ICA Salons Meet Top Talent at Career ExpoMarch 2, 2023
Nurturing the Nurturers Part 2: Business Wellness is Personal WellnessMarch 15, 2023
Self-care doesn’t look the same for everybody, so we sought a different perspective. For many salon owners, business health is inextricably linked with personal health. Financial well-being, professional relationships, and the other demands of being a small business owner don’t necessarily disappear when you leave the salon. Vivian Yeh of Josephine’s Day Spa & Salon knows this intimately and shares how she finds balance when personal and professional well-being are intertwined.
To Yeh, wellness means something a little bit different. “In both worlds, it means I am physically, emotionally, and financially at peace,” she says. “Peace means for me that if there are challenges, you have a plan to solve them. Then I’m at peace. When you can’t, that’s a problem. So it’s not the lack of challenges, it’s the lack of solutions.”
Being well is a newer concept to Yeh—when she was younger, she associated wellness and self-care with yoga, meditation, and spirituality. She felt too practical to do those things, instead focusing on advancing her business. But now, Yeh recognizes the need for balance. Instead of trying to separate work and personal life, she seeks balance between them. “My work takes up a whole lot more time – more than just in the salon – and I spend a lot more time on work than my personal life. But I was able to find harmony and I’m OK with that. Once I found that harmony, I’m no longer stressed out. I’m more patient, more clear, less reactive, OK with setbacks, and more self-aware.”
Now, Yeh can recognize when elements in her life have fallen out of balance. She’s more pessimistic and negative and can physically feel the tension building in her neck and shoulders. She also notices that her energy “is very tangible. The staff can feel it as soon as you walk into the room, and how you’re interacting and reacting with them.” But she, like all of us, is a work in progress.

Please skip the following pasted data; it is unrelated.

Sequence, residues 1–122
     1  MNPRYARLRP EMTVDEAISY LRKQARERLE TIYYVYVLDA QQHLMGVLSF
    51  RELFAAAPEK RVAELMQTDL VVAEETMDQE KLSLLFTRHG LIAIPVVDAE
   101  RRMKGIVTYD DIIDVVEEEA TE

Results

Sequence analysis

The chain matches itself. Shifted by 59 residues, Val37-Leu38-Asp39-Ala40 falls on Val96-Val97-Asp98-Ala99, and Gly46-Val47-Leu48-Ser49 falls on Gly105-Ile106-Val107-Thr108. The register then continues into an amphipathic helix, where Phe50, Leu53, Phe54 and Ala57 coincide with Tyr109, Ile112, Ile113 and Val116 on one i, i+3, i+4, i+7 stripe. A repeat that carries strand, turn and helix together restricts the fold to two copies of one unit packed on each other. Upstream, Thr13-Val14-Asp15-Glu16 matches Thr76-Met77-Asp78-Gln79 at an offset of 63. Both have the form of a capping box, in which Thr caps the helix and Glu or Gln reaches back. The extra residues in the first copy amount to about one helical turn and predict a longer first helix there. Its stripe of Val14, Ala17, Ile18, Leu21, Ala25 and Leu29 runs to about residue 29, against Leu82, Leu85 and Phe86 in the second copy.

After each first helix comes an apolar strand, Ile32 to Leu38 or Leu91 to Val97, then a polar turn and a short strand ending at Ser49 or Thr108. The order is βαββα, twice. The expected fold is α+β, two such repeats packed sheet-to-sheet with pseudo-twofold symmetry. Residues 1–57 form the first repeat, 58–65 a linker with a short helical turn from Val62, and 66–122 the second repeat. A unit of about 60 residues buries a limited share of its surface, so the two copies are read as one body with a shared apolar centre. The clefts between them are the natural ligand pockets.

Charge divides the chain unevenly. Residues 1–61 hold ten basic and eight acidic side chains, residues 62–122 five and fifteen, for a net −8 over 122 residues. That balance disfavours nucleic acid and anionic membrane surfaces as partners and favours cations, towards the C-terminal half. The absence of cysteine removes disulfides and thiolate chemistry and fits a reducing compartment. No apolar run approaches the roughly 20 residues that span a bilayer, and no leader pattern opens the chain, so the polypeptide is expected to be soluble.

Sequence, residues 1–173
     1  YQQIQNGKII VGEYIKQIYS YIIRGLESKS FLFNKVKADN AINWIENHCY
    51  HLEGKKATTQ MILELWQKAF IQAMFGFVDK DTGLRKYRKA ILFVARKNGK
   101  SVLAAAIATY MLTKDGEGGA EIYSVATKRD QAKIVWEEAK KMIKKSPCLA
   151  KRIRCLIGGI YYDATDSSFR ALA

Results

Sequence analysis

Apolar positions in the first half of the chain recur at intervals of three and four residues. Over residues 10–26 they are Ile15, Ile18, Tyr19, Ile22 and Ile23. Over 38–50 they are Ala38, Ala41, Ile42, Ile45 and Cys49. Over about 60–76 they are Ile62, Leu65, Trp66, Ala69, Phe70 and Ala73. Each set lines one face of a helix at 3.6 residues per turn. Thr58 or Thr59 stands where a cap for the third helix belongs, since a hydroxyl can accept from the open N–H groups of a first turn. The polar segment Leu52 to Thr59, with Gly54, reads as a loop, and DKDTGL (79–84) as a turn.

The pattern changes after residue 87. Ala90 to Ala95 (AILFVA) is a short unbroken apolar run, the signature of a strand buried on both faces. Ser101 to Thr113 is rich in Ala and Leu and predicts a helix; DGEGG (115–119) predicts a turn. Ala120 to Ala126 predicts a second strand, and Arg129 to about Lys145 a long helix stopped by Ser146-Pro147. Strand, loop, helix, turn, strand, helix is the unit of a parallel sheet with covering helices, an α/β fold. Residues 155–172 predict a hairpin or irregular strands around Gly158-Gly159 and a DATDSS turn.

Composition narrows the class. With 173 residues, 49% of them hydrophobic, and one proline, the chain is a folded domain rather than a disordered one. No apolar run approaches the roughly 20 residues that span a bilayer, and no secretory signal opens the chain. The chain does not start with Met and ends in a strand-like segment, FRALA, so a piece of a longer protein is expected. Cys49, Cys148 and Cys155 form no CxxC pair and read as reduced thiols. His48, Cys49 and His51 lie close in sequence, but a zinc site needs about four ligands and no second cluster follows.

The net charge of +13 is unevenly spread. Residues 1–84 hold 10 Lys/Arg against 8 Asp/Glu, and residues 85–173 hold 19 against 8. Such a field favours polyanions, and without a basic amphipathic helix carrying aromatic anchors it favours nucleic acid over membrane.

“I’m self-aware, but I’m not sure if I’m that good at taking action—yet!” Yeh admits. “Because I cannot change the situation, I decided it would be much easier if I just change the way I think and approach it. Once I did that I was able to be more positive and optimistic. I work on my own emotions so I can treat my employees the best I can.”
A Culture of Wellness
Yeh relies on herself to stay on track, but is also extremely grateful for her team at the salon and her sister—people she knows she can trust to take care of her business. She also makes sure she has one day a week without any electronics. “To give yourself permission to not mentally have to work on your business for one day has helped me tremendously. It’s not about you turning off your phone, it’s me giving myself permission to have that eight-hour break,” she explains. Then adds, “I do love massages, too.”
She hopes her employees will follow her example. When she notices a team member struggling, she tries to create a safe place and really listen to them—to help them create that harmony in their own lives as well. The culture of communication and trust she has created at her salon not only serves her, but her stylists too. Josephine’s employees receive a wellness fund as part of their benefits that they can use for life coaching, spa sessions, or anything they need to stay balanced.
Finding Balance in One Another
Finally, Yeh says that gatherings with her professional peers offer a mental break for her. She is looking forward to the Spring Gathering in Las Vegas on April 2-3 as a moment where she can relax amongst like-minded people with shared experiences and soak up the harmony.